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CLAPP v. HEINER (06/23/31)


June 23, 1931


Appeal from the District Court of the United States for the Western District of Pennsylvania; Frederic P. Schoonmaker, Judge.

Author: Clark

Before DAVIS, Circuit Judge, and CLARK and AVIS, District Judges.

CLARK, District Judge.

The plaintiff is aggrieved at the failure of the Commissioner of Internal Revenue to refund the taxes assessed on payments by the Union Trust Company to beneficiaries under three trust agreements dated March 12, 1917. By those deeds of trust, Mr. Clapp, as settlor, conveyed shares of stock in the Aluminum Company of America to the aforesaid trust company in trust to pay the dividends therefrom to his wife and two daughters. The trust for the wife was for life, and for the daughters for life, and to their children and grandchildren within the limits prescribed by the rule against perpetuities.

The contest between the citizen and his government over taxes will beyond question last as long as that other great struggle with which it is often coupled. To describe its various phases as evasion rather than as avoidance seems to us to use the language of the ultimately victorious contestant rather than to speak as an impartial observer. The artifice or cunning implicit in the first term is not consistent with the approval given by the courts to a disposition of property in the manner best suited to avoid taxation. Mr. Justice Holmes, speaking for the Supreme Court in the case of Bullen v. Wisconsin, 240 U.S. 625, at pages 630, 631, 36 S. Ct. 473, 474, 60 L. Ed. 830, said:

"We do not speak of evasion, because, when the law draws a line, a case is on one side of it or the other, and if on the safe side is none the worse legally that a party has availed himself to the full of what the law permits. When an act is condemned as an evasion, what is meant is that it is on the wrong side of the line indicated by the policy if not by the mere letter of the law."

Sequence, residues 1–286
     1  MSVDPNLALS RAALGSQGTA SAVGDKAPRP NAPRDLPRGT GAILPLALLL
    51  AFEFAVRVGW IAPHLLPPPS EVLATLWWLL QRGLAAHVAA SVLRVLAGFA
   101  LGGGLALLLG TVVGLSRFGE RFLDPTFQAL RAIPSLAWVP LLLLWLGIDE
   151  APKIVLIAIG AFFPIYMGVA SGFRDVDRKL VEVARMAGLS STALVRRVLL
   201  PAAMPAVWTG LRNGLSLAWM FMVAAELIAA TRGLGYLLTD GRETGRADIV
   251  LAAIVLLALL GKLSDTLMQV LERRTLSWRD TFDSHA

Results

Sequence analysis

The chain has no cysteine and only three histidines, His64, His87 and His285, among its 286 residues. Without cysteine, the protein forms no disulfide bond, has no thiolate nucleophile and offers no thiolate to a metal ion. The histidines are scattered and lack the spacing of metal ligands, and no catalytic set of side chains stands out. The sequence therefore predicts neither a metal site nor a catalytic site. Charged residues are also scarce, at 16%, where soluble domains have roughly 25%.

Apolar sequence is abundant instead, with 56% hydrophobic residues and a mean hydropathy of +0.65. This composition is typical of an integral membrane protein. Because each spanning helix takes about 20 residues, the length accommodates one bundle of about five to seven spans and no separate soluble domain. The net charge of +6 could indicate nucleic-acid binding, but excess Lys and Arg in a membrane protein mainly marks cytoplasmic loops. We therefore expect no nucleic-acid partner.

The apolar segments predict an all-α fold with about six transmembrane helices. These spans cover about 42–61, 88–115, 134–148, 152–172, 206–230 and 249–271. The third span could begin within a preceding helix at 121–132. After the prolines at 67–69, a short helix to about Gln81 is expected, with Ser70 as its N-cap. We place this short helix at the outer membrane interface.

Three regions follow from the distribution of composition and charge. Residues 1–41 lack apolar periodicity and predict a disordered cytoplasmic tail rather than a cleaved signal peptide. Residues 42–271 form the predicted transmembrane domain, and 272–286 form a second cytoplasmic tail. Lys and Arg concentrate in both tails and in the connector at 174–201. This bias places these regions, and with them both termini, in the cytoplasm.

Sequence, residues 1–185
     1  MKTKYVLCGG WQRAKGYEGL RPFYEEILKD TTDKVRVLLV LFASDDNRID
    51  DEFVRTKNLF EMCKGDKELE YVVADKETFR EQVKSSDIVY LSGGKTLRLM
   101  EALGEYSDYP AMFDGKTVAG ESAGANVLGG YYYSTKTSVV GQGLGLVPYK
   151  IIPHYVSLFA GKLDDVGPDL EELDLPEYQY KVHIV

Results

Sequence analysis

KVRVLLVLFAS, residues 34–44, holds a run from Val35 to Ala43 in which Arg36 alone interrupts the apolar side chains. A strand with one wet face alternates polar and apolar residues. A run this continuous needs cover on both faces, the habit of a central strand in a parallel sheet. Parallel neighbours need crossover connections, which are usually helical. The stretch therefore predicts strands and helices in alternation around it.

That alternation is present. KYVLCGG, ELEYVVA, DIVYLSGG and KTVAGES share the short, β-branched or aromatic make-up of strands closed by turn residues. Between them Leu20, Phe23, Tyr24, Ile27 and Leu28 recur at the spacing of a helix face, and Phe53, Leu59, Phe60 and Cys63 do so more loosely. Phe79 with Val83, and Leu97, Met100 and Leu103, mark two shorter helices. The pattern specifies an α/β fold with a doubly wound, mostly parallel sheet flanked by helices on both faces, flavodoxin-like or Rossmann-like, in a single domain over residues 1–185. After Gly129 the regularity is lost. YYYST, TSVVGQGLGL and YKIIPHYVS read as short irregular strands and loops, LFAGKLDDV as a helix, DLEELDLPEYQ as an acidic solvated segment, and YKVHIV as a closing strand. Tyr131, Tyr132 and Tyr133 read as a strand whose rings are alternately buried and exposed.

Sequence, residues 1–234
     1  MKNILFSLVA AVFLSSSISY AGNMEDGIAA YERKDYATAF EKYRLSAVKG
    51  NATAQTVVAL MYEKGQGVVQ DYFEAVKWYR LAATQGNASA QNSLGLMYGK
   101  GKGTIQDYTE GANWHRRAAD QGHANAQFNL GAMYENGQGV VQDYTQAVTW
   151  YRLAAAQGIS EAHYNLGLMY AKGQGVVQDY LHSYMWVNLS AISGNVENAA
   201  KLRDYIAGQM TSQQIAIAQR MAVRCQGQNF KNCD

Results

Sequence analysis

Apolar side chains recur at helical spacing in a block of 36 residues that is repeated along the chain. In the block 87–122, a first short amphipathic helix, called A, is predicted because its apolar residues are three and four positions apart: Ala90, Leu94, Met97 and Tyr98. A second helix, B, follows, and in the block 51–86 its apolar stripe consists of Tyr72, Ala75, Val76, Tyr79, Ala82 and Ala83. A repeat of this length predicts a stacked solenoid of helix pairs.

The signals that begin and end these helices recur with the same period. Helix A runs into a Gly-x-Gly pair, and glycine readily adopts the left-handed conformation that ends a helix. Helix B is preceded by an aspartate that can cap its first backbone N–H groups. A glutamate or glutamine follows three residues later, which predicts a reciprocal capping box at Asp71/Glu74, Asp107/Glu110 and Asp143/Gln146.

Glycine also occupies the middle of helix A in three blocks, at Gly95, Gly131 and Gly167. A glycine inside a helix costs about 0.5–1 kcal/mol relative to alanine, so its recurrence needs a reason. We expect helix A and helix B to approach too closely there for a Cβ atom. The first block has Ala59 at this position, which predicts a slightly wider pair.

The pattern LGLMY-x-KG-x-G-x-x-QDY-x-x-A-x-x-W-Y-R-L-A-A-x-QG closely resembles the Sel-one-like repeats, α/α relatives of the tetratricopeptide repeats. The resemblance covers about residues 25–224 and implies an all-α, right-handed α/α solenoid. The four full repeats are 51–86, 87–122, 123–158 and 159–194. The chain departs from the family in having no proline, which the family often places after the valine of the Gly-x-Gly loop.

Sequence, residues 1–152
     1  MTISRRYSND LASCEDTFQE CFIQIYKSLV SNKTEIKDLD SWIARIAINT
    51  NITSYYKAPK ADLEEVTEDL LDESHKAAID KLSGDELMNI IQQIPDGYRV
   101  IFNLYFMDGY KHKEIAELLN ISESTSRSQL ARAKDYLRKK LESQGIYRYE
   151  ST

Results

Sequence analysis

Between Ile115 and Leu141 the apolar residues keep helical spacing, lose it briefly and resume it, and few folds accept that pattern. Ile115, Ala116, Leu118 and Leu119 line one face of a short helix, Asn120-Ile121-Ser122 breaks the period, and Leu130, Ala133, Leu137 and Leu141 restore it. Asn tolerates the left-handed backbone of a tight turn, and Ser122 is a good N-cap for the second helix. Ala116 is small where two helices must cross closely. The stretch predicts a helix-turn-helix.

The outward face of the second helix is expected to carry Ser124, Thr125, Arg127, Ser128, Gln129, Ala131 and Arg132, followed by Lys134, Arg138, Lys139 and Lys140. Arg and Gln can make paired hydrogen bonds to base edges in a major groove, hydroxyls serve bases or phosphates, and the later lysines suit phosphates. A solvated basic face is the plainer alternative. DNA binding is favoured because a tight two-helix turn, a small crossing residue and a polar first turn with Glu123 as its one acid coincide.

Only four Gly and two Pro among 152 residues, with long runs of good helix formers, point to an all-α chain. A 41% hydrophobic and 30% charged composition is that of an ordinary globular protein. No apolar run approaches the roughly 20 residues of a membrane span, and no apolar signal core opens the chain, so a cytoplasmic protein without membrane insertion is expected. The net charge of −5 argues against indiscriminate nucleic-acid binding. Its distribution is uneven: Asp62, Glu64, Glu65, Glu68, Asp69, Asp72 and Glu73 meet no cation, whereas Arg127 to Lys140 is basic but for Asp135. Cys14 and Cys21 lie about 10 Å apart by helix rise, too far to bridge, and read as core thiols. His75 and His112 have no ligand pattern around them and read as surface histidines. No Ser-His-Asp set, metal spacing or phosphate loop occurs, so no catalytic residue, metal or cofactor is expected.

Within the past week we are in receipt of two circulars advertising two books whose titles speak for themselves -- Robinson, Saving Taxes in Drafting Wills and Trusts, and Lee's, Minimizing Taxes. By the same token, the state cannot be criticised for continuing the battle by legislation designed as an effective counter attack. The principal case presents one such skirmish.

Even since the Statute of Uses, the trust has served as a means of escape from the embarrassments of ownership. Its employment to avoid this particularly onerous incidence was inevitable. So the estate was divided among the family and the surtax became the inverse reward of fertility. Taxation being by definition dependent upon beneficial receipt, the government had no answer for this procedure unless it was willing to declare such transactions presumptively fraudulent. Harvard Law Review, vol. 43, p. 1286.

The "cake and eat it too" cast of the legal mind soon, however, furnished the weapon appropriate to barrage these trenches, behind which the cestuis were dug in. So the stratagem of the revocable trust was met by a provision of the Revenue Act which dealt expressly with these attempts to keep the actual control of untaxable property. In Holmes Federal Taxes (6th Ed.) pages 3 and 4, we find this legislation described as follows:

"It has been realized that many provisions of the 1921 law open the door too wide to tax avoidance and many provisions of the new statute reflect a desire on the part of congress to remedy this sort of defect in the 1921 law. Chief among this class of changes are those relating to the organization and reorganization of corporations, the basis for depreciation and depletion upon the transfer of property to a corporation and the various provisions relating to transfers in trust. * * *

Other provisions reflecting a desire to close avenues of tax avoidance are the provision taxing the income of revocable trusts in the hands of the grantor and treating in a similar manner trusts the income of which may in the discretion of the grantor be either distributed or accumulated, or the income of which is to be applied to the payment of insurance premiums on policies covering the life of the grantor."